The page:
Goffin was not alone in his criticism as Swiatekova berated the crowd after her stunning second-round win over Naomi Osaka.

Swiatek eventually won the match 7-6 1-6 7-5 but had to fight back from 5-2 down in the final set.

But the screams of the fans in midfield as Swiatek fought to stay in the match left the Polish world number one furious enough to call the crowd out – albeit quite politely – after the match.

“Sometimes under a lot of pressure, when you shout something during a rally, it’s very distracting and it’s hard to concentrate,” Swiatek said as he addressed the fans at the Philippe Chatrier court after the match.

“This is serious for us and sometimes hard to accept. The stakes are high and we are playing for a lot of money. If you could support us before the rallies, but not during them.

“I love you guys and I always love playing here, so let’s keep it up.”

The world's number one player scolds the spectators at the French Open in a polite speech

But not all players have a problem with crowds.

Former world No. 2 Paula Badosa bristled at Swiatek’s complaints, especially when the world No. 1 is on the best courts.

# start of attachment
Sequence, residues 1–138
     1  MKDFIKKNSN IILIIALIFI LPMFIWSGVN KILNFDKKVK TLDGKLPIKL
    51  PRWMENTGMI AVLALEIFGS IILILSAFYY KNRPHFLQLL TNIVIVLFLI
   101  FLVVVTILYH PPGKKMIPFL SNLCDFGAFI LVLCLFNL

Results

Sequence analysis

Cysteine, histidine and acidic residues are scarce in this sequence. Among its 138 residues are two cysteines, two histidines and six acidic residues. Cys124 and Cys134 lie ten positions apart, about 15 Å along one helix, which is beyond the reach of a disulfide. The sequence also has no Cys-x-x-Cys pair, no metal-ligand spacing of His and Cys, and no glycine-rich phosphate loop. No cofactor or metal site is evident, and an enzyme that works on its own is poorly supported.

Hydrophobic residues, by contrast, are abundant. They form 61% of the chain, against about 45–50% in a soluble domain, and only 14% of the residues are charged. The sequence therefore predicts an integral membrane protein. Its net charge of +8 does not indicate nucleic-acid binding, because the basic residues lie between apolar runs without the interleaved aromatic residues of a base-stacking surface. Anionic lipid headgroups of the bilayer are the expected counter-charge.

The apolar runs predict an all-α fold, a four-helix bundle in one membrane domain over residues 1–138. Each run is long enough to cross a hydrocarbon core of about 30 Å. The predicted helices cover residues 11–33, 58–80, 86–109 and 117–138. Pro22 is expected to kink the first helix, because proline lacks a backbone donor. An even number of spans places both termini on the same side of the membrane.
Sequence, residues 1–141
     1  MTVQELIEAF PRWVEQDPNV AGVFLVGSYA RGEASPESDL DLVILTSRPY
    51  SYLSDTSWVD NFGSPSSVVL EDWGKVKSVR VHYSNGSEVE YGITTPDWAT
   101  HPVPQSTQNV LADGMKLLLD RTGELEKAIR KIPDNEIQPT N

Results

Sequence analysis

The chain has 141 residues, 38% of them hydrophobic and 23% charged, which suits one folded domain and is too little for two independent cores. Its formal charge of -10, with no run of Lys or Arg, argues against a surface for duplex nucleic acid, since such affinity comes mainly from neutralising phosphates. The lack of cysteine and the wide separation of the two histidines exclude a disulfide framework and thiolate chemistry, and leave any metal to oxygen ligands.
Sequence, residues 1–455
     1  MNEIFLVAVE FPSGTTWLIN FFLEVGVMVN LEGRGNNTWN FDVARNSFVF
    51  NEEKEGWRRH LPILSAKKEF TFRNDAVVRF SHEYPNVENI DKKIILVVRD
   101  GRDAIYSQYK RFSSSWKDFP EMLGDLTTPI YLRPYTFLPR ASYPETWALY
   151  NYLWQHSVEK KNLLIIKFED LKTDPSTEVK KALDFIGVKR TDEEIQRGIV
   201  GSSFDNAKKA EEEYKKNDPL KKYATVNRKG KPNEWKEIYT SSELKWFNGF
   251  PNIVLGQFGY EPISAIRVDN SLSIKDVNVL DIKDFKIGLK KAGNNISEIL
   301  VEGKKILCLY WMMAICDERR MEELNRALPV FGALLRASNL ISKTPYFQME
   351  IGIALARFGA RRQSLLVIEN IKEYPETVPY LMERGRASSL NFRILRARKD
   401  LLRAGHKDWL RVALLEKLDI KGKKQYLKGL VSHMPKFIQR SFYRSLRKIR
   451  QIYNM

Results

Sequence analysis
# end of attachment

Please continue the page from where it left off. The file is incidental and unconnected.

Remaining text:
Swiatek has not played on any court other than Philippe Chatrier or Suzanne Lenglen since her 2021 French Open second-round match.

“I don’t think she can complain because I played on courts 8 and 9 and you can hear everything,” said world No. 139 Badosa, who will face second seed Aryna Sabalenko in the third round.

“For example, between points I hear Suzanne Lenglen, Philippe Chatrier, court 6, 7. I think she’s very lucky to be able to play on Philippe Chatrier all the time, and that’s fine with her.

“But I don’t mind. Like I said, I was playing in small courts these days and I heard so much noise. At that moment, I’m so focused on myself and my match that it doesn’t really bother me.”

Swiatek, however, was far from alone.

Even Australia’s Thanasi Kokkinakis sent fans into a frenzy in his three hour and 45 minute 1-6 4-6 6-3 7-6 6-2 second round win over Giulio Zeppieri.

At 5-all in the fourth-set tie, Kokkinakis was left fuming at an Italian fan who began hissing at him as he prepared to serve second.

As Kokkinakis won a point after his opponent hit the net, the Australian turned to the crowd and said: “Who the hell was hissing when I was serving? Which of you used to do that?”

Kokkinakis then asked the judge to take action “or I have to take action into my own hands”.